Over 40 Years of Experience
Planning to Avoid US Income Tax Residence
As most experienced travelers to the US know, US income tax residence means that you become subject to US tax on your worldwide income and is to be avoided in most cases. Many regular seasonal visitors to California from abroad are also aware that the manner in which US income tax residence is determined for a foreign citizen differs dramatically from the tests used for California tax residence. Assuming that you are neither a dual citizen nor a US green card holder, your US income tax residence status is determined using the “substantial presence” test, which is a weighted-average, day-counting formula applied over a rolling, three-year period. That formula weights days of presence in the current tax year at full value, days of presence in the immediately preceding tax year at 1/3 value and days of presence in the second preceding year at 1/6 value. If the application of the formula produces a number that is 182 days or fewer, you are not a resident under the “substantial presence” test for the year in question.
Applying a few “rules of thumb” for purposes of illustration, if you spend fewer than 121 days in the US each year, you will not become a U.S. income tax resident under the “substantial presence” test formula. Even if you spend more than 121 days each year in the US and your weighted-average days of presence exceeds 183 days under the formula for any year, US income tax residence may nevertheless be avoided, subject to two conditions. Those conditions are that you were here fewer than 183 days in the tax year in question and that you timely file with the IRS a Form 8840 Closer Connection Statement, demonstrating your comparatively stronger connections to your country of residence than to the US for that year. Finally, if you’re present in the US on more than 183 days in any tax year, you may still avoid US taxes on your worldwide income as a “dual resident,” if you qualify for tax treaty protection as a “Treaty Nonresident”– see discussion on our page entitled “Dual Resident Tax Planning.”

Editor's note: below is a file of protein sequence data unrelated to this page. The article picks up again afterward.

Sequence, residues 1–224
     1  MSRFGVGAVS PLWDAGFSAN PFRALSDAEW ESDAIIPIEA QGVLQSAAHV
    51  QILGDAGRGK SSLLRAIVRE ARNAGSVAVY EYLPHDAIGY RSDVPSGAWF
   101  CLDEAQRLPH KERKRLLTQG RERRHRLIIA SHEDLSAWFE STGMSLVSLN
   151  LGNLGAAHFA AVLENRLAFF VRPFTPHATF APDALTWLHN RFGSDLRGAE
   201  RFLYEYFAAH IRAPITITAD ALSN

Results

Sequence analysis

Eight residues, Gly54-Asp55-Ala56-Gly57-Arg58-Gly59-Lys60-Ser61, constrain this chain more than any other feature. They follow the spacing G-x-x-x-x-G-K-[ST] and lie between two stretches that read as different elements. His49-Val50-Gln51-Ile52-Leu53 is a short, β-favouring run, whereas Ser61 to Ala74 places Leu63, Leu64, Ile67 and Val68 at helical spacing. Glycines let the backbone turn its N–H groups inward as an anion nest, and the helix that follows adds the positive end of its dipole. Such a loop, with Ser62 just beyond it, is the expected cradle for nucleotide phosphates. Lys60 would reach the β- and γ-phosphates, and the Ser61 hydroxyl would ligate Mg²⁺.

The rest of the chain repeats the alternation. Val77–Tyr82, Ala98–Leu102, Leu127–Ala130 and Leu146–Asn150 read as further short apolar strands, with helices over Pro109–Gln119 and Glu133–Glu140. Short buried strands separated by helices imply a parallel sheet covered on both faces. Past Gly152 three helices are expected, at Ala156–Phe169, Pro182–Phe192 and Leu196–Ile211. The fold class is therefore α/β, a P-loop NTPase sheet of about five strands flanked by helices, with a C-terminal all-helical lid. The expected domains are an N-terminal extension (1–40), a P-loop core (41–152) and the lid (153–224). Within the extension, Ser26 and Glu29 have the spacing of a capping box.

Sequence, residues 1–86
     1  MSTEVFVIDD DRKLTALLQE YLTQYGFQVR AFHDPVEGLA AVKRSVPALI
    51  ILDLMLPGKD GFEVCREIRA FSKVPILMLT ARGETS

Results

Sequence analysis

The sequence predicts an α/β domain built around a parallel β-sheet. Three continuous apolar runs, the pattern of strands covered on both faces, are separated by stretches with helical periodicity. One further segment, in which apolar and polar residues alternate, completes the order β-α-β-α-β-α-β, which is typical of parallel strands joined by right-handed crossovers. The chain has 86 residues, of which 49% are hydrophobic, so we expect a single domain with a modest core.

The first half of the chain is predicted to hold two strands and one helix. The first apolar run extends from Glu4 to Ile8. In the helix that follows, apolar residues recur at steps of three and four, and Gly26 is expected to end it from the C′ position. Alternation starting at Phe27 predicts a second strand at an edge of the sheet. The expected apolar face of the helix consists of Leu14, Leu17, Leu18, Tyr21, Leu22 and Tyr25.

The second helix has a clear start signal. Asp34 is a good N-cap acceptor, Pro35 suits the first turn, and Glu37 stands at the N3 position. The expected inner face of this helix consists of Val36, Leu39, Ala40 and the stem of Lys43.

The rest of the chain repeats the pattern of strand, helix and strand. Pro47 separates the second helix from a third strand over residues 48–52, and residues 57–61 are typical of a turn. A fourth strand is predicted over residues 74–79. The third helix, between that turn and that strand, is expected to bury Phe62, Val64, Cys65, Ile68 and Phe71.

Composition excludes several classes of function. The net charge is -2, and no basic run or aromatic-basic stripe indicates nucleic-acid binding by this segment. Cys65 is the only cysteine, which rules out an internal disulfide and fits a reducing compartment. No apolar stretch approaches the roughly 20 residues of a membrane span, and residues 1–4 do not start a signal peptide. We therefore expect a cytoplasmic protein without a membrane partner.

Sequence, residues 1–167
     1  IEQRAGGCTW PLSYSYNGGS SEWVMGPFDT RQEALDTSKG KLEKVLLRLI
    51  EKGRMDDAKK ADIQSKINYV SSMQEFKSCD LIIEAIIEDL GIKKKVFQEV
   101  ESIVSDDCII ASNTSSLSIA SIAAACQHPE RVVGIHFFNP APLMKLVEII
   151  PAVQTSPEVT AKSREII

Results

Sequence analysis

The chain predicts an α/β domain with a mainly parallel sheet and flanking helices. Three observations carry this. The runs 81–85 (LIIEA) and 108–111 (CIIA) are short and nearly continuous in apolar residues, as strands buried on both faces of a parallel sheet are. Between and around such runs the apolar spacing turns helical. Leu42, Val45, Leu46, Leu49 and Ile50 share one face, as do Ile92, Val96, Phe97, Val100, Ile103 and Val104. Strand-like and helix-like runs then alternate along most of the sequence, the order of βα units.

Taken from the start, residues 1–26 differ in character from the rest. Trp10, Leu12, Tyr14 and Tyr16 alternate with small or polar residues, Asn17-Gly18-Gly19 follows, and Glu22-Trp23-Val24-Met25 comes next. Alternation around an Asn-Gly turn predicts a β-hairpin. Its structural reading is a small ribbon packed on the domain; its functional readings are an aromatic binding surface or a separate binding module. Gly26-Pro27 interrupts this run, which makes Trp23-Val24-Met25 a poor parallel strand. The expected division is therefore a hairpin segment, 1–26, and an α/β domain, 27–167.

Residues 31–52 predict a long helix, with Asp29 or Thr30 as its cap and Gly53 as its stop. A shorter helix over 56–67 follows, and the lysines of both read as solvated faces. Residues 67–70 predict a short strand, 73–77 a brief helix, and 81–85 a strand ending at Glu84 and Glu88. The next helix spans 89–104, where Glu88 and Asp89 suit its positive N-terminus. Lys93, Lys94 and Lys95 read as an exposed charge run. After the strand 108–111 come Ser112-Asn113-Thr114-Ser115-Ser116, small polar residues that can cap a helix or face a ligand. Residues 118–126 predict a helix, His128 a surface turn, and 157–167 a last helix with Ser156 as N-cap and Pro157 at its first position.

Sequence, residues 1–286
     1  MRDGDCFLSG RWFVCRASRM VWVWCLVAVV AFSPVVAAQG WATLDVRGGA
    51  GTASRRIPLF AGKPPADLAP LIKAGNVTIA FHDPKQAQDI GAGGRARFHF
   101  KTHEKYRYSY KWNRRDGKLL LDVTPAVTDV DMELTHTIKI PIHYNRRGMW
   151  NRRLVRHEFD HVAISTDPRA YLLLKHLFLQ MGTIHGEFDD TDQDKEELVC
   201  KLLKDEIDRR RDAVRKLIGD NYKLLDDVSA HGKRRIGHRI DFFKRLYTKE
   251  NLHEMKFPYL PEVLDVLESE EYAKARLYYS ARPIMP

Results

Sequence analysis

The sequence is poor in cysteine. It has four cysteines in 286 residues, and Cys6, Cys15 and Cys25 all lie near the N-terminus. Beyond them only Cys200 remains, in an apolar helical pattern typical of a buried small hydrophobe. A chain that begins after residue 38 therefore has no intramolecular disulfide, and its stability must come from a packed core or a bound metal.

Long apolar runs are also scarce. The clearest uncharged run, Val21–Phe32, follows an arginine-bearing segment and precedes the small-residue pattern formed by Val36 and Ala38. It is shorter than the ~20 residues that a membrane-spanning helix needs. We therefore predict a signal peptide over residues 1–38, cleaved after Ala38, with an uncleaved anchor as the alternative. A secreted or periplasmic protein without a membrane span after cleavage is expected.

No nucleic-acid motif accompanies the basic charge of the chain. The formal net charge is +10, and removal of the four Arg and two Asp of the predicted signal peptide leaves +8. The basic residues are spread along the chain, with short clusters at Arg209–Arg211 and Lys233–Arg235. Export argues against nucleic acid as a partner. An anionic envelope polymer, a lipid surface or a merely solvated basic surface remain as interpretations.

Please note that, in applying the “substantial presence” test formula, some days of presence in the US may by excluded, if they qualify for any of several special exemptions from day-counting (e.g., they occurred during a medical condition that arose while you are here, during Pandemic-related travel restrictions or in commuting to US employment or self-employment from Canada or Mexico).Retain an Experienced US Cross-Border Tax Attorney
At Lance Cross-Border Law and Tax, we can assist you with “Closer Connection” Statement filings, “substantial presence” test computations and evaluation of whether you qualify for an exemption from counting certain days of presence in applying the “substantial presence” test formula. We can also assist you to apply special rules determining when residence begins in your first year of residence and when residence ends in your last year of presence. Finally, we have decades of experience working with and interpreting tax treaties and can counsel you about whether you qualify for treaty protection and may remain a “Treaty Nonresident,” despite becoming a US internal law resident under the “substantial presence” test. We welcome inquiries concerning your specific tax situation. Feel free to call us at (760) 578-5093, contact us via email at Brent@LanceCrossborder.com or by using our online contact form. We will respond to all relevant inquiries without any obligation.